In Moana, the ocean is a character in of itself, and has a distinct personality when interacting with the titular character (like in this scene progression). Visual effects supervisor Kyle Odermatt said that an early test of a baby Moana interacting with the ocean, which was screened last summer at D23 Expo, became a huge part of the film. “We had the water character come up in that test, but we had no idea when we showed John Lasseter, whether he would say, ‘That looks too caricature,’ or ‘That looks too realistic.’ Thankfully, he loved it, we had loved it to that point. When we finished it, he said it was one of his favorite pieces of animation that he had ever seen — and by animation we mean the entirety and visual — the lighting, the environments, the water. I think that’s still true for him, and that’s actually why it’s still in the movie because it wasn’t originally,” Odermatt said. “It was in and out of the movie, it was in in a different way, and then we just all said, since it had only been shown at D23 and a couple of other places, ‘We want everybody to see that.’ And that actually became a big mandate for story. Incorporate that in, as is, and make sure it has a critical piece of the storytelling, and they did a marvelous job of putting that back in. And John said, ‘I want it to be just like it was as a standalone.’” When you see the sequence in the context of the movie, you’ll see that it’s not just like it was at D23–it’s better.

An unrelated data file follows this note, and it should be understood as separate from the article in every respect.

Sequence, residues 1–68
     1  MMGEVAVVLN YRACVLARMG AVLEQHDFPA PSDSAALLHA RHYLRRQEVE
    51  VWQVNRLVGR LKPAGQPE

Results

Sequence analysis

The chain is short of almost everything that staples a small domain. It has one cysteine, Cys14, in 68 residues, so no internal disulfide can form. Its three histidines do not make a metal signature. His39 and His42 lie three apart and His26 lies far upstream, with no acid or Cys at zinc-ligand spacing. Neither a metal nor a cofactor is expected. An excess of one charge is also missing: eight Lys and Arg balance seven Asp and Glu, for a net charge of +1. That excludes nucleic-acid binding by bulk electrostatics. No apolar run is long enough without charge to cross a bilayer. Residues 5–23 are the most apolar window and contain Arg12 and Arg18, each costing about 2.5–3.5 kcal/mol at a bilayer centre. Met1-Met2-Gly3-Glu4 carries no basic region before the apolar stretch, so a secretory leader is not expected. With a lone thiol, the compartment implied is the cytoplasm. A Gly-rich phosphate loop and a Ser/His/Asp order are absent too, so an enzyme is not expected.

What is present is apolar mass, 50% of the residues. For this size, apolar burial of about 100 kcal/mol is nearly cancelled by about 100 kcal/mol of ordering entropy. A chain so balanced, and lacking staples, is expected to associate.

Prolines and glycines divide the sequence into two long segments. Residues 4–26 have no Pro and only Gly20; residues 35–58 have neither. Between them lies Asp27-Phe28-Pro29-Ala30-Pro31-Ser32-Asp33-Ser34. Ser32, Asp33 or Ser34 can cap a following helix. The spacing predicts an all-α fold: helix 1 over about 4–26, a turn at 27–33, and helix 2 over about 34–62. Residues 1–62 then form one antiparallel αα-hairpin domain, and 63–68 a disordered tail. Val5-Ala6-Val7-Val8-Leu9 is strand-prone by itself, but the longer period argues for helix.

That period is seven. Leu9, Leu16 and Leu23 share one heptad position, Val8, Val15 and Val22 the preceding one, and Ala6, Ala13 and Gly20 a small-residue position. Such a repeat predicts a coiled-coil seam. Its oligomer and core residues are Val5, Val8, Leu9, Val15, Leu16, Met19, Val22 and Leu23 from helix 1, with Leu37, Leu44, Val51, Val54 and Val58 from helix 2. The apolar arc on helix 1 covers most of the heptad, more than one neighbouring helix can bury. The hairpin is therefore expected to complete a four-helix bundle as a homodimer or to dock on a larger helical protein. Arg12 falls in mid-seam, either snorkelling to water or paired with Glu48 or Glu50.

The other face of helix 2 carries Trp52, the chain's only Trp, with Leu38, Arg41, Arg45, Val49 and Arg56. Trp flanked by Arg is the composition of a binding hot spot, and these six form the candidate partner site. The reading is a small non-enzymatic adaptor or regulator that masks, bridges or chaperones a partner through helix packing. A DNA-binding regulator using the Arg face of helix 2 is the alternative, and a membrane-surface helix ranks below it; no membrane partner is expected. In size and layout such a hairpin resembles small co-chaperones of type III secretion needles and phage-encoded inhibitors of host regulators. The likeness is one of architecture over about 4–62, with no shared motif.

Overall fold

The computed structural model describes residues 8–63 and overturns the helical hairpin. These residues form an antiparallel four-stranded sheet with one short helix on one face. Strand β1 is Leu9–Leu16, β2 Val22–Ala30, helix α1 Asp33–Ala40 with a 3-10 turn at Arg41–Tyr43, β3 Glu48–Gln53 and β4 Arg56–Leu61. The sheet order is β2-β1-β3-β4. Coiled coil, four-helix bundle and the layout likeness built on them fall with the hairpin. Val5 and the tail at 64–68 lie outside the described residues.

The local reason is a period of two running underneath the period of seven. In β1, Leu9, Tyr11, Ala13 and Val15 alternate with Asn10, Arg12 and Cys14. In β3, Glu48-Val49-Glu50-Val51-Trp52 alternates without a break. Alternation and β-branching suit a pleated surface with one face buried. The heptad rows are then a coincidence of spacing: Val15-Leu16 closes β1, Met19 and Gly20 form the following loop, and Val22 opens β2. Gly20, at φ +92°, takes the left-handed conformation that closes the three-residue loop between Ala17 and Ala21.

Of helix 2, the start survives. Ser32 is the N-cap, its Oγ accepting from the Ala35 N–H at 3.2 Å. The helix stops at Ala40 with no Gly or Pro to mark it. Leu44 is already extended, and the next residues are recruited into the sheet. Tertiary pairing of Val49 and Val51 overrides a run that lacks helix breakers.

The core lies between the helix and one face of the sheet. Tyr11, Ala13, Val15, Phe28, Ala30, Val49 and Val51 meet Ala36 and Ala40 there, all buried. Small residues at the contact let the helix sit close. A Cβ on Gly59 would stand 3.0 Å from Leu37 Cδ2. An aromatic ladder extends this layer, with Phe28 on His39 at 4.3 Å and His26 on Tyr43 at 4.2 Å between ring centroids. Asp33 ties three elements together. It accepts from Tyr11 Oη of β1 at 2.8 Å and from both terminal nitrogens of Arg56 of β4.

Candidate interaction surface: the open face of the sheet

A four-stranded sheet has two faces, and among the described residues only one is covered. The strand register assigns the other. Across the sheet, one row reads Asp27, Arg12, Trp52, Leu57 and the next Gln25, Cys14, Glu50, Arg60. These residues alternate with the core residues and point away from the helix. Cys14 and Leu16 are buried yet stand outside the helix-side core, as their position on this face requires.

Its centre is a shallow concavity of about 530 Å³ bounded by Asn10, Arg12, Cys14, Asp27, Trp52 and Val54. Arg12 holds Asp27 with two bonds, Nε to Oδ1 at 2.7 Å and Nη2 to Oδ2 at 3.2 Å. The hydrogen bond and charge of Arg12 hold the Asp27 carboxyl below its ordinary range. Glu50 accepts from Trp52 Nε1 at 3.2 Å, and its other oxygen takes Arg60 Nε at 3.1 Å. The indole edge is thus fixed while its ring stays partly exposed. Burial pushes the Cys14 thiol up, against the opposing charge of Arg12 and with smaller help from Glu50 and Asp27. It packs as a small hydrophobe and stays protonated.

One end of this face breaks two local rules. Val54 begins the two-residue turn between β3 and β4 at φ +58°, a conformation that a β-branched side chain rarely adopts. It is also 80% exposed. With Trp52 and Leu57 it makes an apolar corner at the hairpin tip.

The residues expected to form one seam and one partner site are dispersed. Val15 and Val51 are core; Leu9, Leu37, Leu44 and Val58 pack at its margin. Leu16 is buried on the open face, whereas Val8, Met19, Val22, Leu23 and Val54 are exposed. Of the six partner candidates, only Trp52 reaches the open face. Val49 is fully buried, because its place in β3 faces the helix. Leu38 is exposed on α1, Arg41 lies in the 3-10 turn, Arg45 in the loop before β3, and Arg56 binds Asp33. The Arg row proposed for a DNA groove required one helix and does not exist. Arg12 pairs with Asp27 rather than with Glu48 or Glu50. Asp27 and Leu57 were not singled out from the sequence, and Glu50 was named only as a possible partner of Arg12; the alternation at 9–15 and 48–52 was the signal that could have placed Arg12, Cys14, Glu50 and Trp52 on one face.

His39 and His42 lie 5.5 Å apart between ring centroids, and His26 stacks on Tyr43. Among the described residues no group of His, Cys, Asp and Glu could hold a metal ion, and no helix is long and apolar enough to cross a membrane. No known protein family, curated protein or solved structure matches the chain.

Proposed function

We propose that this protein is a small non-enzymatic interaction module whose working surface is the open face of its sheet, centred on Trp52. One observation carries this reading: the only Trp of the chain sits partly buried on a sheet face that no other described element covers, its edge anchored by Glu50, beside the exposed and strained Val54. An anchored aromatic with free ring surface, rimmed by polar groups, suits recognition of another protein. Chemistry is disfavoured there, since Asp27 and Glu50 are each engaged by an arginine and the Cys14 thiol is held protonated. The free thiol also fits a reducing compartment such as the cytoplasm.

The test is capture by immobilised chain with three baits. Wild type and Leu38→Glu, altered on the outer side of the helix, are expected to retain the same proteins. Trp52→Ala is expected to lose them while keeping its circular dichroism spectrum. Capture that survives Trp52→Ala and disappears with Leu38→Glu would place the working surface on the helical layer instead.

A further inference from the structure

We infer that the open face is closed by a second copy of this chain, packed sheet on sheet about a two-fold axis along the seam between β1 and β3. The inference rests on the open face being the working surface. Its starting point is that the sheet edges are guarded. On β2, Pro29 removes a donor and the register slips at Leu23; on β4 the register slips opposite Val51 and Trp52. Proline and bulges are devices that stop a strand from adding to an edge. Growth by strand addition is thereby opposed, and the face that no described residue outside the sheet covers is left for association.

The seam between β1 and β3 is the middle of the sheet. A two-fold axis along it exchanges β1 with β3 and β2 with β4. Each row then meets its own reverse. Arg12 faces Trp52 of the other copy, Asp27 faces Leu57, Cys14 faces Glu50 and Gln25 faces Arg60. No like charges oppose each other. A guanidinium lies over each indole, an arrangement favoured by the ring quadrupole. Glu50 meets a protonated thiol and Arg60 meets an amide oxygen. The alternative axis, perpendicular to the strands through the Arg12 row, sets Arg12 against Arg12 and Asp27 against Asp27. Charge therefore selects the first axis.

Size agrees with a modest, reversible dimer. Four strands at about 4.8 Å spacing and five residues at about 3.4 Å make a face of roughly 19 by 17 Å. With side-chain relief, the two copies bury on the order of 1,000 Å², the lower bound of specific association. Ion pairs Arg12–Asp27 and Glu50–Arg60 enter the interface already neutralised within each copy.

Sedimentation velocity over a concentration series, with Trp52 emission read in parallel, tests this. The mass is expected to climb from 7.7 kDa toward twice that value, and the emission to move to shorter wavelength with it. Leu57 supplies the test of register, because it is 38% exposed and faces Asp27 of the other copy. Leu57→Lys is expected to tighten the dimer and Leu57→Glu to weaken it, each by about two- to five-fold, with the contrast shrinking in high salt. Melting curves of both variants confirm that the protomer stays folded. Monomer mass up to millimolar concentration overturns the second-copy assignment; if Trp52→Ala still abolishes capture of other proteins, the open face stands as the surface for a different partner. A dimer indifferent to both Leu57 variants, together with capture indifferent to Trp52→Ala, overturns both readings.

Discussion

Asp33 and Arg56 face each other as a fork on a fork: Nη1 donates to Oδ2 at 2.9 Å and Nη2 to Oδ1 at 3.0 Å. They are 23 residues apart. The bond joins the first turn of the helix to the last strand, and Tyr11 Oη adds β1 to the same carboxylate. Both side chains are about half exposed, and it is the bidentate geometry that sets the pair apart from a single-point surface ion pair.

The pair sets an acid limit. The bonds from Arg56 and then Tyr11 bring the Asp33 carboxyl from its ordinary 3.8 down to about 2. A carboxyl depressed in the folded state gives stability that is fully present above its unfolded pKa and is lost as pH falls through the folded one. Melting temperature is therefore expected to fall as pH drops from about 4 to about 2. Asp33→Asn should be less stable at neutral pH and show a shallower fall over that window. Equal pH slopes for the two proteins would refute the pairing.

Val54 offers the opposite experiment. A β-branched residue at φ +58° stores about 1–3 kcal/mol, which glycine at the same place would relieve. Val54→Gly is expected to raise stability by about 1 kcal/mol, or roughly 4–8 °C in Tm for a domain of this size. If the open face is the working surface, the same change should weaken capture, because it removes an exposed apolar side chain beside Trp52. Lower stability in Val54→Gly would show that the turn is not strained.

Towards the end of my interview with Schwab and Smeed, I asked how they felt about the way the movie looked, overall. “I really feel good about the design of this film,” Schwab said. “I think that we have something special.” Smeed added: “I love the design so much.”
I do too.
See Moana in 3D on November 23.